1. Italy has prettier cities but Venice has a character of its own – then there’s ALL that history at every corner 🙂

      1. Ahh, this comment and reply got me thinking, interested to know what cities did you find prettier than Venice. We haven’t explore Italy a lot so would be nice to know some cities so that we can plan our Italy travels.

    1. Kathryn Venice is definitely not our favourite part of Italy but you need to visit it at least once to see what the hype is about 😉

  8. So many of my favorite places. The only things I would add is to take a seat at a bench in San Polo to people watch – Venetian families play in the piazza and it is a great spot just to watch life go by. Also, Lido – across the Canal on the linea 1 vaporetto. Although it is busy in the summer because of the beach, walking around the side streets to see the houses is a perfect way to understand real life in a Venetian “suburb.”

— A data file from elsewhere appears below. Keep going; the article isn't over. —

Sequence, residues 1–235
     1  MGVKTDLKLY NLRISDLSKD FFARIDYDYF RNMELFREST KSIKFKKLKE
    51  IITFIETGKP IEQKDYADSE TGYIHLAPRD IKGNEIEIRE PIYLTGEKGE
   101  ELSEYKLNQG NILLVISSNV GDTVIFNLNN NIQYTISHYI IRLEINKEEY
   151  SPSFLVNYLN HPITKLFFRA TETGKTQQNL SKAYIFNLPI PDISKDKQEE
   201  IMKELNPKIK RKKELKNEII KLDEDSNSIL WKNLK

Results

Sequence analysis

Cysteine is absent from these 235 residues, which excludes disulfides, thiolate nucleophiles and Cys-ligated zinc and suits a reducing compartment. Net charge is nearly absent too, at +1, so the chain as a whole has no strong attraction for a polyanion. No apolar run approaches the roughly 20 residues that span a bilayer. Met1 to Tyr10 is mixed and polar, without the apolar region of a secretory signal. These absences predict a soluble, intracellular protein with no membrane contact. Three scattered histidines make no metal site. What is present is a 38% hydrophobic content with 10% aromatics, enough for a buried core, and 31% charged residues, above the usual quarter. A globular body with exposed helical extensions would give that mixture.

1. Hey Elena – thanks for the tips. We haven’t spent much time around Lido but we’ll definitely look it up on our next trip to Venice 😀

  9. Love the photos! Really crisp and colorful..I can clearly see how bright the day was during your stay there. I enjoyed it. And thank you for sharing the other side of Venice. I like getting lost and discovering places that are less visited by tourist. Such a helpful tip.

  10. Number one – getting lost – is pretty much my favourite thing to do in all cities. It even has a posh name – flaneuring…. which basiclly mens just wondering without a purpose!

    1. Absolutely I love getting lost in new cities. I love the concept of the Flaneur and dedicated one whole chapter of my PhD thesis to it 😉 Did you know that the original concept of flaneur-ing is actually male-centric